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Back in October of 2010, the ITU declared that LTE technology wasn’t technically “4G,” and that no major wireless carrier was technically deploying 4G networks. According to the ITU, only technology like LTE-Advanced, capable of speeds over 100 Mbps, could be considered 4G. Carriers ignored the declaration with T-Mobile arguing their HSPA+ build was the “largest 4G network,” and Sprint & Verizon also made “4G” part of marketing for their respective LTE networks (technically, LTE and Mobile WiMax).

LTE Advanced

Allied Market Research is reporting that the LTE market will grow quickly and be worth more than $997 Billion by 2020. The report analyzes the global LTE market based on geographical regions and reveals that Asia Pacific possesses the highest potential and is expected to generate the highest revenue with approximately 40% of the global LTE market. North America currently occupies about 50% share in the global market.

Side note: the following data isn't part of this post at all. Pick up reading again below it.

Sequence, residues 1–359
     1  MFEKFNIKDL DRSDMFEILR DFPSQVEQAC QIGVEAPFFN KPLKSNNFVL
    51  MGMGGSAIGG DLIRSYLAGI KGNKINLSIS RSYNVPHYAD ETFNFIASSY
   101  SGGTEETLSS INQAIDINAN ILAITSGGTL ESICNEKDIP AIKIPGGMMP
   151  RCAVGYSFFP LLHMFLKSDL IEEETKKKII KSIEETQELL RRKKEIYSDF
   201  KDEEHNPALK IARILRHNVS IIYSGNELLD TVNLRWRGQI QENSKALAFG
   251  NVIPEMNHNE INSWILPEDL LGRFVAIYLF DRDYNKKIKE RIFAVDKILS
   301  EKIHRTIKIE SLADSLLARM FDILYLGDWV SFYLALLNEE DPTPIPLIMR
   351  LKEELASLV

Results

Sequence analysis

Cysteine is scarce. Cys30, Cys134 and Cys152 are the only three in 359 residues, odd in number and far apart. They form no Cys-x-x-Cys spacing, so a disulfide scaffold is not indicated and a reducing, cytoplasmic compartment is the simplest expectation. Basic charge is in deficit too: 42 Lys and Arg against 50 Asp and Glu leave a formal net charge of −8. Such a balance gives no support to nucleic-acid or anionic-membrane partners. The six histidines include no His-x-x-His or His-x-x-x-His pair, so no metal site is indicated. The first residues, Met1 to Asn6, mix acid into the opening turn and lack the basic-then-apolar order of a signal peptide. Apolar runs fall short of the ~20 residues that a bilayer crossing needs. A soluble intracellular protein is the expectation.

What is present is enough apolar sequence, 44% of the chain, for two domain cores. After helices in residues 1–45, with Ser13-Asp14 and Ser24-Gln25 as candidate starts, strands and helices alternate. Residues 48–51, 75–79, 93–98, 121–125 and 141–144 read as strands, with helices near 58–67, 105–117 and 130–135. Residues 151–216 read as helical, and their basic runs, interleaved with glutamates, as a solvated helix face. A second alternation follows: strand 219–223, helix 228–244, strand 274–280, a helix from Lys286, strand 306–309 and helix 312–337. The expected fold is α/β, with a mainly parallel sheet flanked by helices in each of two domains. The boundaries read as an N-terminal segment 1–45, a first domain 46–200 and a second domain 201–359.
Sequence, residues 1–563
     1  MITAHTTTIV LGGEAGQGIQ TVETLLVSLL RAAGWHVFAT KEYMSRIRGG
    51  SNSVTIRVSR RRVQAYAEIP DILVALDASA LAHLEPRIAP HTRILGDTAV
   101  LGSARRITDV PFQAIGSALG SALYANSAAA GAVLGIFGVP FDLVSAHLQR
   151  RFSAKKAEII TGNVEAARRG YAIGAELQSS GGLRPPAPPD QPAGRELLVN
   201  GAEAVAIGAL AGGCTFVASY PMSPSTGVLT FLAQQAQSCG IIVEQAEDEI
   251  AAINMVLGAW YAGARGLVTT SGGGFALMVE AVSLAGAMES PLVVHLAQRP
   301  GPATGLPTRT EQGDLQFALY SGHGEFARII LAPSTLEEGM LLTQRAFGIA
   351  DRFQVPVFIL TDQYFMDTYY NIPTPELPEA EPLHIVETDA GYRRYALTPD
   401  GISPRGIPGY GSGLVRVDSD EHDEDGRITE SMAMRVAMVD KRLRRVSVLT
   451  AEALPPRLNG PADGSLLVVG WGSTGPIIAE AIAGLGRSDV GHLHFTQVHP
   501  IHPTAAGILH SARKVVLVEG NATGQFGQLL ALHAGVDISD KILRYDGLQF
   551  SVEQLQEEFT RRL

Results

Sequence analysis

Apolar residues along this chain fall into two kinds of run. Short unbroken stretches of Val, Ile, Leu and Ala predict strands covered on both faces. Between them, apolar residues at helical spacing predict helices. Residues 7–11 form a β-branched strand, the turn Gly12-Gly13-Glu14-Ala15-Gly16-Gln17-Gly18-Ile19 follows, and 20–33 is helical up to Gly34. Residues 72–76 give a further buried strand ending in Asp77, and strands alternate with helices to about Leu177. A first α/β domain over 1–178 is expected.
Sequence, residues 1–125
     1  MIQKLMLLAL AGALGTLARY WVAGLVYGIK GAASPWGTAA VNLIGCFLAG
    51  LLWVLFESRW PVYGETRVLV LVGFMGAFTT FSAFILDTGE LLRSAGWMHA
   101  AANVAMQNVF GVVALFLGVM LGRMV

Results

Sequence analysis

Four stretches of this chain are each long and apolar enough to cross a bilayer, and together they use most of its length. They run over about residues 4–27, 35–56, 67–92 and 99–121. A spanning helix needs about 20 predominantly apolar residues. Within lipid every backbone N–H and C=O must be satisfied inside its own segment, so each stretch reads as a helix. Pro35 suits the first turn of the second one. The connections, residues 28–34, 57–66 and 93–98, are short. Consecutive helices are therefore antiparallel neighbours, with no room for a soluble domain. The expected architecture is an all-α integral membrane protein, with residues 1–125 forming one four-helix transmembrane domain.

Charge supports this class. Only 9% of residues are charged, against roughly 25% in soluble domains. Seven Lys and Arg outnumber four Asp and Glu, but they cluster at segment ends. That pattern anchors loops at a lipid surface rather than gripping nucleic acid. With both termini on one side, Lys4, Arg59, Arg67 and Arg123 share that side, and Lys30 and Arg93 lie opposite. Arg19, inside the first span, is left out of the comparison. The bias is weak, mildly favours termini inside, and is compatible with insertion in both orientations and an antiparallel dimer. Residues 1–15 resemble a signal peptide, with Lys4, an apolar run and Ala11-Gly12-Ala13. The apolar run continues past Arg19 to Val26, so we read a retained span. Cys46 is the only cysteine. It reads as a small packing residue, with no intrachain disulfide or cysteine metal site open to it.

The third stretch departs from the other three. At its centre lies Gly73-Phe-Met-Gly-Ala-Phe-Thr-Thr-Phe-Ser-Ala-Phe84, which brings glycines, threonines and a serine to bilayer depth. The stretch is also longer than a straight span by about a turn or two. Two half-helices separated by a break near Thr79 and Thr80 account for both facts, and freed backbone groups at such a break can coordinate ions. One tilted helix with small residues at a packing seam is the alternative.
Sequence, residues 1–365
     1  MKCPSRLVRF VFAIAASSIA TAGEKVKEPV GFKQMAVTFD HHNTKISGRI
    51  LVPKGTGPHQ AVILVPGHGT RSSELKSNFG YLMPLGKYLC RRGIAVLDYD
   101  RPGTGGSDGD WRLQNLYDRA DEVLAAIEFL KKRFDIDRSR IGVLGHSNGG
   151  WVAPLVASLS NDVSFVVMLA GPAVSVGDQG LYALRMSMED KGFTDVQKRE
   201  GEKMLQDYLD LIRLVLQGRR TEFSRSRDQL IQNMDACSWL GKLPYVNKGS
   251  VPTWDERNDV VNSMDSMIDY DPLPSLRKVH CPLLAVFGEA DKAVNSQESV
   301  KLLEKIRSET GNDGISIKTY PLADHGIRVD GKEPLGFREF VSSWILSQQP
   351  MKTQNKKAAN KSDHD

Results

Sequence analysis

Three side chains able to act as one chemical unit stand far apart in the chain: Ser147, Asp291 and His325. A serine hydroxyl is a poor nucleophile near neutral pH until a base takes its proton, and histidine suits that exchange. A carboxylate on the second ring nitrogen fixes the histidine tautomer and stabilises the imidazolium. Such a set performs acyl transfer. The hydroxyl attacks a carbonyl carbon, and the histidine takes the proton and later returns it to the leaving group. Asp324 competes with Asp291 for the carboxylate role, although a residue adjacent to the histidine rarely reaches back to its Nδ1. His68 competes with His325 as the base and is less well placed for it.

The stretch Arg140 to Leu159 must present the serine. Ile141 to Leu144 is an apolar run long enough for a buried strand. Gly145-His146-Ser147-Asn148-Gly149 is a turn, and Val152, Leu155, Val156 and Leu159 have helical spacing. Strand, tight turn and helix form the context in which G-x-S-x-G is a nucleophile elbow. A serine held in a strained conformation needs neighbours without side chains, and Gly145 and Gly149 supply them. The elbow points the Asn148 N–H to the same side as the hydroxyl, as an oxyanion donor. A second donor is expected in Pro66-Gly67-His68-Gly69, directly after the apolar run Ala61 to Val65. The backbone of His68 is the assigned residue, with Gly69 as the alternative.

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According to Infonetics Research, older wireless networks such as EDGE and HSPA will remain for operators even though LTE rollouts continue to expand across the country. Infonetics found that nearly 75 percent of survey respondents are running EDGE networks to enable new services and enhance user experience. However, those operators that do not have EDGE also do not see a need for it.